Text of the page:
Ashton Kutcher, Of All People, Made a Hugely Underrated Time-Travel Thriller
Are you brave enough to revisit the horrors of... 2004?
The Butterfly Effect may not go down as one of sci-fi’s most impactful and intense tragedies of circumstance, but it deserves better than the critical drubbing it received in 2004. Today, free of the mockery star Ashton Kutcher tended to attract, it can be appreciated as a heartbreaking gut-punch. Between Kutcher’s surprisingly inspired dramatic performance, the film’s unfettered willingness to push boundaries and present unsettling realities, and its raw emotional core — one of the best examples of “it’s better to have loved and lost” in genre cinema — the singular experience it provides withstands the test of time better than one would assume.
Say what you will of him nowadays, but in 2004, Kutcher was beloved... for being a funny, light-hearted guy. He was doing Punk’d and starring in rom-coms and wacky comedies, at least until Eric Bress and J. Mackye Gruber’s The Butterfly Effect came along. It’s always satisfying when a performer known for their levity is given something dramatic to chew on: think Jim Carey in Eternal Sunshine of the Spotless Mind, or Will Farrell in Stranger Than Fiction. Kutcher may not have felt like an actor capable of pulling that transition off, but despite doubts, he was a natural at tapping into the nuances of Evan Treborn.
Treborn finds himself dealing with personal demons as a result of once-blacked-out periods of his life starting to return to him as harrowing memories. The movie follows his attempts to relive these muddled moments to gain clarity, only to realize he can travel back in time and change events that made the lives of him and his loved ones a living hell. But good intentions can take us to bad places, and Treborn soon learns the cost of meddling with time.
Kutcher’s layered performance proved he understood the innocent, yearning heart of a complicated young man, but also that Evan’s impulses to change the course of his life and those of his friends were ultimately selfish. It’s the central harsh reality in a film full of harsh realities, and it’s what makes the crushing director’s cut ending — where everything is so much better for everyone in a world where Evan never existed — work.
Much of that is owed to Kutcher’s ability to meet each tragic scenario at the height of its stakes. This is an outlier opinion; contemporary critics weren’t sold on Kutcher’s turn, believing he should have stuck to comedy. But in rewatching this movie with older, more mature eyes, it’s striking how well Kutcher’s panicked efforts and dark impulses bolster the overall narrative, even if some moments make the movie feel like the early 2000s come to life. In 2009, The Guardian’s Peter Bradshaw even argued that he and others had been a little too harsh on The Butterfly Effect, largely because of Kutcher’s reputation for immaturity. Time, ironically, continues to be kind to it.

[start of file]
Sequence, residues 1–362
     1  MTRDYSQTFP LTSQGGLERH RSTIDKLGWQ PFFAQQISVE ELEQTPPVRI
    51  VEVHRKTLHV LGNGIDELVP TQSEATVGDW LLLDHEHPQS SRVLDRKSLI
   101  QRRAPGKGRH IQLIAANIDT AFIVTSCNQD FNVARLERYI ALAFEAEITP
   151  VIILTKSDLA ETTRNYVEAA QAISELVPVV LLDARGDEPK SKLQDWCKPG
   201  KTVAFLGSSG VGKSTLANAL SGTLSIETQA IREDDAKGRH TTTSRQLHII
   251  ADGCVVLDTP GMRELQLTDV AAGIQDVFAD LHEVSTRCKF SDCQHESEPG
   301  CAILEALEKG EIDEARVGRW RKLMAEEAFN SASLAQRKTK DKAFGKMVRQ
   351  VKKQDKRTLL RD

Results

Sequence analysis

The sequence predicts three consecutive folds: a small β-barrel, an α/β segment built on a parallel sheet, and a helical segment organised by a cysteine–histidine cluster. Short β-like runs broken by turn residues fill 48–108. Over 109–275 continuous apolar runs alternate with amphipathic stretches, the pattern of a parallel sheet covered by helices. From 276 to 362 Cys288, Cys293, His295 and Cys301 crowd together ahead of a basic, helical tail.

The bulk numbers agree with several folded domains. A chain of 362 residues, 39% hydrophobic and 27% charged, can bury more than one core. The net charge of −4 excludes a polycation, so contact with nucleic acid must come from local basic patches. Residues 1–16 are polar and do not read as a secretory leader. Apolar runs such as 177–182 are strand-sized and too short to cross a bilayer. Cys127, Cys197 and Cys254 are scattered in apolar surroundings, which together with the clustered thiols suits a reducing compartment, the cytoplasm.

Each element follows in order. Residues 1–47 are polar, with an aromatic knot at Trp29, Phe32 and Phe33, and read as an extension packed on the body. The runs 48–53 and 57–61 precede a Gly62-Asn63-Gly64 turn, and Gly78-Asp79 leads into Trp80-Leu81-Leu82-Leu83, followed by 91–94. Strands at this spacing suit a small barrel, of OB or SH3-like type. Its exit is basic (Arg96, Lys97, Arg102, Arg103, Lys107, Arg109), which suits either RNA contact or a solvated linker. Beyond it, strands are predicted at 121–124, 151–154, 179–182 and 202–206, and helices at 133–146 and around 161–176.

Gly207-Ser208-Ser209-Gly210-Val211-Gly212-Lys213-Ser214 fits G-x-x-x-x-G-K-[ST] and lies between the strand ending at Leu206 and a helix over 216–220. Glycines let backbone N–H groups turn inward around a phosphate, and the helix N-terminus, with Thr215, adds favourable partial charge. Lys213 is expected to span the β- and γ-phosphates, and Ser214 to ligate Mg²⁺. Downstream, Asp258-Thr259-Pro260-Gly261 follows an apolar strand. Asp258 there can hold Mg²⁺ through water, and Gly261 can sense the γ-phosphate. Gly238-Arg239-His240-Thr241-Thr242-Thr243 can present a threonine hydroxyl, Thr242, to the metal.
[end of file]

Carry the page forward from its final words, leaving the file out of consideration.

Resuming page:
In order for Kutcher’s performance to truly serve the story, the movie can’t hold back. The Butterfly Effect is an assault of devastation after devastation, and each catastrophe seems to spin out far beyond its reach to torch everything the eye can see. These events are life-changing and life-ruining for the characters, but the stakes are everything, so the film has to go there. Murder, sexual assault, incest, animal cruelty... it seems excessive, and on one hand, it is. The movie is memorable for tackling the worst the world has to offer, but to successfully tell a tragic parable, exaggeration helps drive the lesson home.
But for all the ugliness, the film’s most crucial element is its emotional core. “It is better to have loved and lost” is a concept that’s permeated pop culture since Tennyson wrote the famous phrase, but no film truly defines the mantra the way The Butterfly Effect does. Evan’s actions are driven by self-preservation, but his interpretation of safety always includes his childhood sweetheart Kayleigh (Amy Smart) coming out unscathed.
Part of the tragedy, of course, is that he can’t actually prevent her from meeting the horrors of life. Whenever he thinks he has, something else comes barreling along to torment her. Evan’s storyline as a frat boy happily dating Kayleigh that ends in the slaying of her sadistic brother Tommy (William Scott Leigh) is a perfect example of this perpetual doom. But no matter which ending you watch, the moral always comes back to Tennyson. Evan was always going to have to give Kayleigh up to save her, and that core is where the film’s timelessness lives.
The Butterfly Effect, regardless of its genre leanings and poor reviews, has a universal message. Everyone can relate to Evan’s relentless pursuit of harmony for his friends and family, and his unwillingness to settle for less than peace for the woman he loves. But they can also relate — some more literally than others — to the relentless obstacles he faces, and how those towering blockades can feel like an unstoppable dark destiny. Only a few special films have faced reality with such open eyes, yet so clearly reaffirmed the complexities of love and loss in their wake.
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